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Aunt Cindy

In honor of Chase Borden

My nephew started showing signs of mental illness in his late 20s. It took a couple of years before he was diagnosed properly, and he was the father of two little girls by the time he was diagnosed. The voices in his head were scary, and he would call daily saying, Aunt Cindy, the voices won’t stop. I’d talk to him for a while, and then he would hang up the phone. I researched support groups for him, and for his wife, children and mother (my sister); unfortunately, they never went. He agreed to go if I would take him, so I took a day off of work and prepared to make the drive to another state. I was too late.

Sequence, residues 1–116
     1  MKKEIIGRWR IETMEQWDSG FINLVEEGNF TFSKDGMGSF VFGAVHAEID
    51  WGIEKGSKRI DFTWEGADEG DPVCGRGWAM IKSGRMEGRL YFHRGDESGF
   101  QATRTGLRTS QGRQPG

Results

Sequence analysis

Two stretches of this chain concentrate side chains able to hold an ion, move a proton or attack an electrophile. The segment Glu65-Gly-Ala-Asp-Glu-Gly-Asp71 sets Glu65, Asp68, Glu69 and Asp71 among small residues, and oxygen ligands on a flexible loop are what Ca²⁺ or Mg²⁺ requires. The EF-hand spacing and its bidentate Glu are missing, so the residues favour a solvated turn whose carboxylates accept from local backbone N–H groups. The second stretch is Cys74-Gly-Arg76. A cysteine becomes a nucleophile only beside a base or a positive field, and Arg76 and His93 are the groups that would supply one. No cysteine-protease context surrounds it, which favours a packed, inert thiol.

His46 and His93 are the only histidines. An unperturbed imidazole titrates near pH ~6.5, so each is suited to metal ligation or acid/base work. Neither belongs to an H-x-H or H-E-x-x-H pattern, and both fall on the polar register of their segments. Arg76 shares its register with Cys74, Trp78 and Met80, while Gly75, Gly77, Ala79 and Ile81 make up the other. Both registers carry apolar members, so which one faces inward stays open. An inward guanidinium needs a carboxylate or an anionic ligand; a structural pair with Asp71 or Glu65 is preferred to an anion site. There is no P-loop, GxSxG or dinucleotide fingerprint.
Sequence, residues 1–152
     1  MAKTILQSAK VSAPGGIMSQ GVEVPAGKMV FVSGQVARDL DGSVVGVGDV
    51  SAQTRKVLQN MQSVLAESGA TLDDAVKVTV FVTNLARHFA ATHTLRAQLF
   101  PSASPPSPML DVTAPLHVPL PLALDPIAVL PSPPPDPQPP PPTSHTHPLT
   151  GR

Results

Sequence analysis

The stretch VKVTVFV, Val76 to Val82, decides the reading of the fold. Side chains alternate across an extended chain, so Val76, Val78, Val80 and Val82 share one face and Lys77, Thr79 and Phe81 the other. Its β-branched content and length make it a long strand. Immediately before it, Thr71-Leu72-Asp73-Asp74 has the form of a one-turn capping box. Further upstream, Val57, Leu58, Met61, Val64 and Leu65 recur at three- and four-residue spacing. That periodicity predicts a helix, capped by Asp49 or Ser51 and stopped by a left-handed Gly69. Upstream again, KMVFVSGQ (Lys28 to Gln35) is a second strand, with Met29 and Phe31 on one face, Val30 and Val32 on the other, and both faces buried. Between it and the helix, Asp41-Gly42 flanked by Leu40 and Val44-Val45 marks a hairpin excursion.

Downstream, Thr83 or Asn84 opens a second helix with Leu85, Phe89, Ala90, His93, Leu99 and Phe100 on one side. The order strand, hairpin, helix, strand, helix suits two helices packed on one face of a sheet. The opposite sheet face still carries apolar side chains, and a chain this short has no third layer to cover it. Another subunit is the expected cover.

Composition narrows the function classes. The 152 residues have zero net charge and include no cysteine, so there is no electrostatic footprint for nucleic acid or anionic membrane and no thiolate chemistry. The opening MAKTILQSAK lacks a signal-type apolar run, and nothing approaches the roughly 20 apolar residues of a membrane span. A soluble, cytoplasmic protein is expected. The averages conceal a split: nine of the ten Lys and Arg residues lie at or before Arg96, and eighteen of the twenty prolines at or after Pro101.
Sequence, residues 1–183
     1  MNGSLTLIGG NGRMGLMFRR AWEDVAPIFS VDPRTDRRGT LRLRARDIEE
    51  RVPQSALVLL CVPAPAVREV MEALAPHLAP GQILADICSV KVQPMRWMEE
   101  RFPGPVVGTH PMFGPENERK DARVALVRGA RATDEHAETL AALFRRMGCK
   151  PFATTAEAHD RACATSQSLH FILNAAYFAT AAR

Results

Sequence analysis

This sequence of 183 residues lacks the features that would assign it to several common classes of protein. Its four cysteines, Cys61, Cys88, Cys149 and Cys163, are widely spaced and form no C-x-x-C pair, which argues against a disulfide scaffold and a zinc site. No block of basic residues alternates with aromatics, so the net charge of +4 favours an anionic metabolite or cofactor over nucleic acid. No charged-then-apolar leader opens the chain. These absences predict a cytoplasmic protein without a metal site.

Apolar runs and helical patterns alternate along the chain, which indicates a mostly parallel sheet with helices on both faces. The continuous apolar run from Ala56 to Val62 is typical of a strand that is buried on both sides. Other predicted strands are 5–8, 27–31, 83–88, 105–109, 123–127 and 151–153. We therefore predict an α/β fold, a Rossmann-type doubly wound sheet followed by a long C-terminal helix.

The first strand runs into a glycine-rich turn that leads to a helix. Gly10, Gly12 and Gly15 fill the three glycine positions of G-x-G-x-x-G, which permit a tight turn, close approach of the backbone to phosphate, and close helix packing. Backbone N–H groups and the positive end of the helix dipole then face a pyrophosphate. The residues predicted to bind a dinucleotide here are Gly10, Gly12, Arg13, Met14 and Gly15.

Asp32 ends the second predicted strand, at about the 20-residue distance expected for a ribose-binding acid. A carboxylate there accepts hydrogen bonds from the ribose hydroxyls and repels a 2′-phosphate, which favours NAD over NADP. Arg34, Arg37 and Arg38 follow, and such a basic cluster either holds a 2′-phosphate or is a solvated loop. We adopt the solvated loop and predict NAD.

Despite being hospitalized twice, he was never placed on the registry that would’ve prevented him from purchasing a gun. He called his wife, went to the mountains, put the gun into his mouth and pulled the trigger. He survived. His wife divorced him, and now my sister has the responsibility of being his caretaker. Chase can walk, talk, feed himself and get dressed, but his mental capacity is that of a child. This event has torn my family apart.

Reacting shows support for gun violence survivors.